Saudi Arabia introduces space into secondary school curricula
Cairo: Saudi Arabia’s Education Ministry has decided to teach earth and space sciences as part of the secondary school curricula in the kingdom starting from the next academic year.
The step comes as two Saudi astronauts completed a 10-day mission to the International Space Station (ISS).
The decision to teach the earth and space sciences aims to promote “students’ positive attitudes” towards space science in line with the best international practices related to curricula, and scientific and national criteria, the ministry said.
“The book on the earth and space sciences will enable students to develop their abilities in nature and applied sciences at the secondary school stage,” the ministry added in a statement.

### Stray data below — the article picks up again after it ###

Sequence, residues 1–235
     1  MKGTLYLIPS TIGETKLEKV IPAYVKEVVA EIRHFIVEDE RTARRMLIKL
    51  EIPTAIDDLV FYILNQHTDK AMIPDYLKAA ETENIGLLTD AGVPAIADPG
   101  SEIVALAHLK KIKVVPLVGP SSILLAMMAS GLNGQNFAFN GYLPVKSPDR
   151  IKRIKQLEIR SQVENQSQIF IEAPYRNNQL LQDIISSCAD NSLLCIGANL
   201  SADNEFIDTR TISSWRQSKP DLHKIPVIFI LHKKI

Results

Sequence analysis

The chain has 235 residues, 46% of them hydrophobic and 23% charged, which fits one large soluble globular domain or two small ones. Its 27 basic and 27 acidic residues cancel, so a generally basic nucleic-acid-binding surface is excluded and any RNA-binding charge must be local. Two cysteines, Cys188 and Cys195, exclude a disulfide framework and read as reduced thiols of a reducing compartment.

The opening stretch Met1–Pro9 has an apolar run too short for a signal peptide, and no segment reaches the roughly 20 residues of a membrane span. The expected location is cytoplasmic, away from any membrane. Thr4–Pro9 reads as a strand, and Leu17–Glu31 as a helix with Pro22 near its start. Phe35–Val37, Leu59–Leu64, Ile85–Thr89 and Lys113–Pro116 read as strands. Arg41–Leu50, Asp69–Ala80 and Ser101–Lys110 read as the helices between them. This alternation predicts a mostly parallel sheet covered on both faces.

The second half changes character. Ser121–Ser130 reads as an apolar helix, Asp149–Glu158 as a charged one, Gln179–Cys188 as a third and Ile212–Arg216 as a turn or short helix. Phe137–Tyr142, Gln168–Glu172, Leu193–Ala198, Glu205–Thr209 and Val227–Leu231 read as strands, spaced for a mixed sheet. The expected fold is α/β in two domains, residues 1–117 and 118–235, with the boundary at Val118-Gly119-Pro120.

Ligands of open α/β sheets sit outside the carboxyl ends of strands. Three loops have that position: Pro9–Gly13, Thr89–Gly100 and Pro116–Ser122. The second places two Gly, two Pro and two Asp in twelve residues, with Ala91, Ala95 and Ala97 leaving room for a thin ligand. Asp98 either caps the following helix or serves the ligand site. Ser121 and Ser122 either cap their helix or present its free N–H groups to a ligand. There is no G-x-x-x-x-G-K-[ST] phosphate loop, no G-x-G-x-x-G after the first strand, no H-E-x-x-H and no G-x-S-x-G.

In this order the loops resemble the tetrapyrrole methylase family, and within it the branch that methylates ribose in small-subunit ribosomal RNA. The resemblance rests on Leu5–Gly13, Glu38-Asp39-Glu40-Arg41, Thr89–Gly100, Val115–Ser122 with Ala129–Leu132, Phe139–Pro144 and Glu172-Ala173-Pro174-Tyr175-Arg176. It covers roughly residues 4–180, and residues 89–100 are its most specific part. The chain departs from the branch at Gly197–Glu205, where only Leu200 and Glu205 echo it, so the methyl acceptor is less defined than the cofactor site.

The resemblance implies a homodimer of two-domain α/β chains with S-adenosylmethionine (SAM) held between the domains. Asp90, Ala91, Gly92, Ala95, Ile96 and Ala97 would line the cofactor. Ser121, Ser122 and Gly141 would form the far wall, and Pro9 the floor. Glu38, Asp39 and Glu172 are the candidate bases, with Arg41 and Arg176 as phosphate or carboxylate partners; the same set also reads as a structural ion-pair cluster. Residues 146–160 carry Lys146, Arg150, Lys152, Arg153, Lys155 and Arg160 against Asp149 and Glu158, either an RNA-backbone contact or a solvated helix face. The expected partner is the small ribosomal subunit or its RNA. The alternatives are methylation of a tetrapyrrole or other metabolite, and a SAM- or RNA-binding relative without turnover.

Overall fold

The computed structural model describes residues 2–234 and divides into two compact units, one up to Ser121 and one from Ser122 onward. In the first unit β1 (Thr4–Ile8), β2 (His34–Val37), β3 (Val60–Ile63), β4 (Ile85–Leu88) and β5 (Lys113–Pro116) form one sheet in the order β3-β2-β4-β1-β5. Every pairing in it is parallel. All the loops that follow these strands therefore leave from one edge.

The new syllabus contains an introduction to the earth and space, exploration of relationship among the earth, air, space, water and living organisms as well as linking important natural phenomena such as solar and lunar eclipses, and moon phases.
The ministry said the introduction of the new subject is part of its “keenness to cope with aspirations and future objectives” aimed to qualify internationally competitive citizens by upgrading learning outputs to keep abreast of world changes, future requirements and labour market needs.
Saudi biomedical scientist Rayyanah Barnawi last month became the first Arab woman to go on a space stint. She joined the male Saudi astronaut Ali Al Qarni and two US colleagues in reaching ISS.
During the trip, they conducted a host of research studies and experiments. While aboard ISS, the Saudi astronauts conducted interactive scientific experiments with Saudi high school students via satellite linkage.